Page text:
A drawing of Seton by Bruté served as the inspiration for the canonization banner used at St. Peter's Square in Rome when Seton became the first American-born saint in 1975. The drawing and the banner are both now in the Daughters of Charity archives.

The archives also have extensive material on the sisters' work during the Civil War and Spanish-American War.

Gallo shared an interesting contemporary anecdote with the conference attendees. This past summer, she got a call from the State Department. They were on the hunt for an artifact associated with Seton that President Barack Obama could present as a gift to Pope Francis when he visited the White House in September.

Gallo had just the thing: one of two original keys to the 1809 Stone House where Seton lived with her first fellow sisters.

Amy Cooper Cary led the conference through the website of the Marquette University archives. They have a lot of materials relating to social justice concerns, Native American peoples, mission schools, and business and labor relations. But the crown jewel of the Marquette holdings are the papers of Dorothy Day and the Catholic Worker movement.

Carol Coburn from Avila University started by giving a shout out to Global Sisters Report! Her work focuses on Catholic sisters and she has written for GSR. She said that while doing research for the book Spirited Lives: How Nuns Shaped Catholic Culture and American Life, 1836-1920, "we realized things were disappearing."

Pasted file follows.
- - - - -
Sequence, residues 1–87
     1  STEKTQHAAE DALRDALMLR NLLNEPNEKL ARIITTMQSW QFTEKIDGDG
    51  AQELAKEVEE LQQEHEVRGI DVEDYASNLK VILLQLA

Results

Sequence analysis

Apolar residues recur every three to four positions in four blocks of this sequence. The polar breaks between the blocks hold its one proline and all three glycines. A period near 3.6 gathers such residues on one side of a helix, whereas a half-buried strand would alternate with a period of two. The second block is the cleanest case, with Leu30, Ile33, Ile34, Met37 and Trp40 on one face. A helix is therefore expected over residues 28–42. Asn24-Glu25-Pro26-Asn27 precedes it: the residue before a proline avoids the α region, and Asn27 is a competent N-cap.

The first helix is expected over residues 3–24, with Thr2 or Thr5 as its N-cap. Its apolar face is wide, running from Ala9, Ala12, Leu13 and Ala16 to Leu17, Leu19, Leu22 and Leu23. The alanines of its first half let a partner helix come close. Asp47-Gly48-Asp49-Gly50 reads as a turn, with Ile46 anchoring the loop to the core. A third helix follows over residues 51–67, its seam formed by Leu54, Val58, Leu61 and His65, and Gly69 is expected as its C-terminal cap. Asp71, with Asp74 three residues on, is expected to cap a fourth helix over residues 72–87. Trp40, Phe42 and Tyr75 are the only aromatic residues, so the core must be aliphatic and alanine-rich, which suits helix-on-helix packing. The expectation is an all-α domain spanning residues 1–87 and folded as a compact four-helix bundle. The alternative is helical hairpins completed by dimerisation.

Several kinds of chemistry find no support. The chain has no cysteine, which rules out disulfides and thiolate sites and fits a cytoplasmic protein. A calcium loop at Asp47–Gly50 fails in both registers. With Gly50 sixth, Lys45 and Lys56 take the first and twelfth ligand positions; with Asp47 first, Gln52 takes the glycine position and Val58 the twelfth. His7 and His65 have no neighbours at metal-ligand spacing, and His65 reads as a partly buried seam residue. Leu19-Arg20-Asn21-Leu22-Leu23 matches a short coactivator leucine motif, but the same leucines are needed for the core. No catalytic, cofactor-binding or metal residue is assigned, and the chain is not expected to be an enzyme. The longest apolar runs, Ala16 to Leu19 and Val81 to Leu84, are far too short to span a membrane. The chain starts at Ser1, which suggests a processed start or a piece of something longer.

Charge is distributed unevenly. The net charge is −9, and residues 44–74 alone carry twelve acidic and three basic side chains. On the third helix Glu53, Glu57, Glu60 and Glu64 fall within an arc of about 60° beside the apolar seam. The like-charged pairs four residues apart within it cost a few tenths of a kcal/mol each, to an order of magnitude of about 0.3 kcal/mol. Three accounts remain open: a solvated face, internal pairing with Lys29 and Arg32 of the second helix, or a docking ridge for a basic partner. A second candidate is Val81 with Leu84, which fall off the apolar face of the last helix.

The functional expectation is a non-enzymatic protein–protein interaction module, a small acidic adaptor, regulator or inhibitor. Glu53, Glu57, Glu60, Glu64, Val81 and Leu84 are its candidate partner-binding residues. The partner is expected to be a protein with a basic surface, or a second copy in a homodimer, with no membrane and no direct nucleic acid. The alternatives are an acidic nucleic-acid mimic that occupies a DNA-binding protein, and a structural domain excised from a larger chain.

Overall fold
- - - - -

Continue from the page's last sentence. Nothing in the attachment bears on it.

Coburn said to her colleague St. Joseph Sr. Martha Smith, "Start collecting everything!" And they did.

Coburn noted that Catholic sisters "built the society we have: in education, in health care, in social work. All three have a specific gendered aspect" because of the work of women religious, she said.

The second panel consisted of educators who discussed how they use archival material in the classroom now, and the kinds of things they would be looking to use in the future. Paul Boman, who teaches a sophomore history of theology course at Stone Ridge School of the Sacred Heart in Bethesda, Md., said that he turned to online primary sources in his classroom not only because he prefers primary sources "but because it was hard to find the perfect textbook."

He admitted that searching for primary sources online is "a bit of a hunt," and that translated materials are sometimes archaic and some websites are not updated. For his senior-level class in Catholic social teaching, Boman said he relies heavily on Marquette's Dorothy Day papers and also a website built by the St. Paul-Minneapolis archdiocese, now housed at the website for Catholic Charities of St. Paul and Minneapolis.

Patrick Kelleher, who teaches high school at Georgetown Visitation Preparatory School in Washington, described recent times when he was asked a question, ventured an answer, and within seconds, one of the students had verified his answer online.

Kelleher cited several websites he uses frequently, such as www.digitalhistory.uh.edu, run by the University of Houston, and www.historymatters.gmu.edu, hosted by George Mason University.

Other panelists described how they verify which websites are good, and teach the students to do the same, noting that there is a lot of bunk on the Web.

In the Q&A, archivists and educators got into a great discussion about how archivists can make their holdings more user-friendly for classroom teachers. Subsequent panels discussed current collaborations and how archivists can pursue cost-effective digitization efforts.

The conference was sponsored by Catholic University's Archives, its School of Library and Information Science, and the Institute for Policy Research & Catholic Studies, where I am a visiting fellow. The event was largely organized by Maria Mazzenga, interim director of the institute and was made possible by a grant from the Our Sunday Visitor Institute.

[Michael Sean Winters writes about religion and politics online at NCRonline.org/blogs/distinctly-catholic.]